Ernest Hemingway, according to wayward legend, once said that it is easy to write; you just have to sit in front of your typewriter and bleed. He said nothing about taking a syringe full of lemon juice and then applying it directly to the subsequent wound.
I don’t want to write this article - in the first instance, because I don’t want to acknowledge or believe that the subject matter is reality, and also because it feels like the emotional equivalent of removing my fingernails with a pair of rusty pliers and no anaesthetic. Nevertheless, here goes...
Sunderland were knocked out of the Championship play-offs by Luton Town on Tuesday evening. There’ll be no promotion then. I’ll tell the children. In fairness, as much as it pains this wholly biased Mackem to admit, it was a just outcome. While Tony Mowbray’s child army, buoyed by a properly electrified crowd, were able to flutter and buzz their way to a narrow first leg win at the Stadium of Light on Saturday, there was to be no repeat here.
Cabined, cribbed, confined by the uniquely claustrophobic cauldron of Kenilworth Road - where the space is so uncomfortably tight that the television cameras are forced into giving a birdseye view of one wing and the rickety terraces sit just a couple of yards from the postage stamp pitch in some places - Sunderland suffocated.
This young team who - predominantly through catastrophic necessity - have cultivated a style of play to rival anybody in the Championship in terms of its aesthetic value, were reduced to panicked passages of unruly passes and tame, naive sighters from distance as Luton swaddled them with a wet blanket. The Hatters’ press was ferociously ceaseless, like the final fraught stages of a round of Space Invaders. Try as they might, Sunderland just couldn’t land a direct hit.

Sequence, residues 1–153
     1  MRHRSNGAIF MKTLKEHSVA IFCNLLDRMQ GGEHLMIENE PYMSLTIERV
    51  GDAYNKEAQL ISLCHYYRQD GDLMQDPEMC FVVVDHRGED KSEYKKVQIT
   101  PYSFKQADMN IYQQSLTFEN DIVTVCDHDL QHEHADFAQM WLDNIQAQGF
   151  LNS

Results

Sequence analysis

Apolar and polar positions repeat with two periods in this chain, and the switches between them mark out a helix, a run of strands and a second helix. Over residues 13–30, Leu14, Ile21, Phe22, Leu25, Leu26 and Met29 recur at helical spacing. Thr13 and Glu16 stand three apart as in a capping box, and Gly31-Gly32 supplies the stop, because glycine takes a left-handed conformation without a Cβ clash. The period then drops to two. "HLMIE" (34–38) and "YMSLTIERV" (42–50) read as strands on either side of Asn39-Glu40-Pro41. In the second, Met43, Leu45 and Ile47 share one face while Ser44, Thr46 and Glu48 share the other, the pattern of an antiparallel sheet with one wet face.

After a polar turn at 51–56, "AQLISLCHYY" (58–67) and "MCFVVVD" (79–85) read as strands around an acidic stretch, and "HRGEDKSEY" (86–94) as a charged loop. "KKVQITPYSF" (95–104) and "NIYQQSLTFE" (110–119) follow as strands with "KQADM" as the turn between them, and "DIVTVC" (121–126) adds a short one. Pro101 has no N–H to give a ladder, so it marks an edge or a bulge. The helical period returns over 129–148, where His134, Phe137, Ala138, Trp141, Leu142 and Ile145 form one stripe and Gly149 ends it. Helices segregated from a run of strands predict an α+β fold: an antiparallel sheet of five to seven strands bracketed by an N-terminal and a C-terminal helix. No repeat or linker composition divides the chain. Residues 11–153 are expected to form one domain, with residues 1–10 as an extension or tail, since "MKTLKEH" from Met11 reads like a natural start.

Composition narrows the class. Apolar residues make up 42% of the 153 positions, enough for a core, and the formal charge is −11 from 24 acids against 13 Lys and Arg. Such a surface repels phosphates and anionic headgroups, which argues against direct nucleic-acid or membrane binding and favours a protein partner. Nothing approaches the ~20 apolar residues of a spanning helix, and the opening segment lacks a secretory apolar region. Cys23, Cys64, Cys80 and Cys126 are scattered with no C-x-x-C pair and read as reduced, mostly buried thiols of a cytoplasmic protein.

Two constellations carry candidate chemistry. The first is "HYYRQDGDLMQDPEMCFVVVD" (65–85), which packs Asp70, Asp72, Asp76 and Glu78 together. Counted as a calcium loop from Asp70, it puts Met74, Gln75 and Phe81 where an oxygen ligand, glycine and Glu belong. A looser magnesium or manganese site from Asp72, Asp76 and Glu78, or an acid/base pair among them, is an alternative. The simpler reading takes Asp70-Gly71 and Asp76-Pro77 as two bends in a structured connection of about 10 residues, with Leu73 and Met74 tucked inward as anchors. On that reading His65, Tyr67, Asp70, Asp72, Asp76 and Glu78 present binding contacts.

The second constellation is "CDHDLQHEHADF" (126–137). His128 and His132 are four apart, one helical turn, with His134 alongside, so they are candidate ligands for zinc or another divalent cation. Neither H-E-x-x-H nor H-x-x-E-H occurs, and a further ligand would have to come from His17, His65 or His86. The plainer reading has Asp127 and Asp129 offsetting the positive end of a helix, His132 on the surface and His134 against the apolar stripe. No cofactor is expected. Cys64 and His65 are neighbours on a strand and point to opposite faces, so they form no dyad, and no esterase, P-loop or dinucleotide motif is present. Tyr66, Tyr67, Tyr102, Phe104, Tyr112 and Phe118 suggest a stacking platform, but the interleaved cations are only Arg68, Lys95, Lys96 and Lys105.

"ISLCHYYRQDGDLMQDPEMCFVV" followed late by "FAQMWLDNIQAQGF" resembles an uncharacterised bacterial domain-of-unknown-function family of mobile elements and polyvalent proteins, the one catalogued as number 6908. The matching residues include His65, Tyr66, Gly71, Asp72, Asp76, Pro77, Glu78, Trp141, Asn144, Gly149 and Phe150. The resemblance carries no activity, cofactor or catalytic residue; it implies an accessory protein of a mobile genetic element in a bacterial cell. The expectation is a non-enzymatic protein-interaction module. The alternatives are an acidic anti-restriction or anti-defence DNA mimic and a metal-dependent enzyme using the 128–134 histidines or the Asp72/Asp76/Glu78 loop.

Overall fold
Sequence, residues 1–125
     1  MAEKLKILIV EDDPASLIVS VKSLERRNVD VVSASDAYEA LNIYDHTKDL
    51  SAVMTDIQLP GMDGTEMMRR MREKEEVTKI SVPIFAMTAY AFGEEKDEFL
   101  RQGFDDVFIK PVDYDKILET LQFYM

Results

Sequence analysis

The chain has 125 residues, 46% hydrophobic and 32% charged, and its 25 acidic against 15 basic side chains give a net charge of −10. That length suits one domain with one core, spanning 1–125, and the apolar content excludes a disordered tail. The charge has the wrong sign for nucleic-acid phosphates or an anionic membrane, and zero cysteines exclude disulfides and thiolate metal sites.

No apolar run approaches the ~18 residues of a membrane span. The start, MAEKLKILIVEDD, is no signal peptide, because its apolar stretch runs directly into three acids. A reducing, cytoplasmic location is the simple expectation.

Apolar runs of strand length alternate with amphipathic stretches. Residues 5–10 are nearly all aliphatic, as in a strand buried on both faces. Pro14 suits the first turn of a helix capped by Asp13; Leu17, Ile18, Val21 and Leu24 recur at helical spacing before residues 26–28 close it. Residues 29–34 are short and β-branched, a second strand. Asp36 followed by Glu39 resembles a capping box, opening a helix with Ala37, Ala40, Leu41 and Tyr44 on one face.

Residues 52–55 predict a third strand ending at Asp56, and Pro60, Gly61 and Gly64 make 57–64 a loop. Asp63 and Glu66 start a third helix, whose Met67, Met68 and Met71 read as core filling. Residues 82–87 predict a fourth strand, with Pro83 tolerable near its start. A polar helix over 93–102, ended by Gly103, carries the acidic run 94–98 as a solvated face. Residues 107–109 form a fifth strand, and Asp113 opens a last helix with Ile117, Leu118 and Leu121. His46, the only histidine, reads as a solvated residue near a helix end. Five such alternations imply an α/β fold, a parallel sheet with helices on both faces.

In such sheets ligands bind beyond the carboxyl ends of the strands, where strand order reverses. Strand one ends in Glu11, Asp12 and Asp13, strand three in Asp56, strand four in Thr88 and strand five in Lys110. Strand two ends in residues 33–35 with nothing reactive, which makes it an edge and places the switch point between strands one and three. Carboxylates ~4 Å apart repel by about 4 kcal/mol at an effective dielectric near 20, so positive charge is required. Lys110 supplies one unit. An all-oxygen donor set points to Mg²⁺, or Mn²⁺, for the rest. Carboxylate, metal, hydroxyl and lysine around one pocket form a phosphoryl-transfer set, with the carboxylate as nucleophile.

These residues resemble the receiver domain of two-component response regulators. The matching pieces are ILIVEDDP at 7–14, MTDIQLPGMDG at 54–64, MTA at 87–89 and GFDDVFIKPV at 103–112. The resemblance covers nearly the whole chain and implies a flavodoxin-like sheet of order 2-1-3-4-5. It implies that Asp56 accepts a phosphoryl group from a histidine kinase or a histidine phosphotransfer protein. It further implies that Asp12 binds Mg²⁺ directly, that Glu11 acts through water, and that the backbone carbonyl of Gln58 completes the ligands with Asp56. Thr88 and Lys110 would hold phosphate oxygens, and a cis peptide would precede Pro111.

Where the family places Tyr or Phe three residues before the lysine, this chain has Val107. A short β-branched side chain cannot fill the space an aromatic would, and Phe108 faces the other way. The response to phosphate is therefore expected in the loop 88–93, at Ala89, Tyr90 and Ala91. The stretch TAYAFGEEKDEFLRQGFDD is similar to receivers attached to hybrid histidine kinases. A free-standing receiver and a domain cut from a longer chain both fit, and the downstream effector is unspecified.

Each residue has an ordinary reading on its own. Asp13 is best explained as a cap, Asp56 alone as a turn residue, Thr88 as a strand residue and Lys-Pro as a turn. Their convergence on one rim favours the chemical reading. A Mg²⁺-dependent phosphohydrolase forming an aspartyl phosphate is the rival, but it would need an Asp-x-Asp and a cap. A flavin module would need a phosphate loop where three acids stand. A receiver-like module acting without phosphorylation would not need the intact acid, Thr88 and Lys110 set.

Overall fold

And then there was the almost comedic mismatch in physicality. All three of Luton’s goals over the course of the tie came, directly or indirectly, from corners. With Sunderland missing the likes of Dan Ballard, Danny Batth, and Aji Alese, every prospective ball into the box was thirstily cheered by the home support like the march of a prisoner to the gallows in a public execution and treated by their towering squad like the thrusting swing of a mighty siege machine.
Upon the final whistle of Tuesday’s contest, in silent, grief-stricken protest, I began flicking through the movie channels on Sky and came across a rerun of the second Lord of the Rings film just as Saruman’s forces began to storm the walls of Helm’s Deep. It damn near gave me post-traumatic flashbacks. I guess in this analogy Luke O’Nien might be Gimli.
In the end, it was little surprise that Mowbray turned to Alese - a man who hadn’t featured since early March and who was barely deemed fit enough to take part in a pre-match walk with his teammates - in a desperate effort to quell the onslaught. Ultimately, it made little difference.
When people have spoken about Sunderland in recent weeks, and in particular the possibility of their improbable promotion, there has been a tendency to portray them as doe-eyed saplings wandering gullibly into the path of grave, certain danger; a lost field trip seeking refuge in the dry cave of a hibernating grizzly bear, or - as the erudite Jonathan Wilson tweeted - ‘a gifted school choir who signed up together going over the top as one’.
The common consensus seems to be that a return to the Premier League would have come far too early, and would have resulted in scenes that fell somewhere on the spectrum between Lord of the Flies and the Dyatlov Pass Incident, or Anakin Skywalker putting a kindergarten to the lightsaber during Order 66. Of course, we will never know for definite, but I’m not entirely sure that things would have panned out so badly.
For one thing, Premier League status brings Premier League money, and Sunderland’s recent recruitment has been nothing short of stellar. For another, this is a squad that has continuously shocked, delighted, and soundly rejected all humble expectations of them.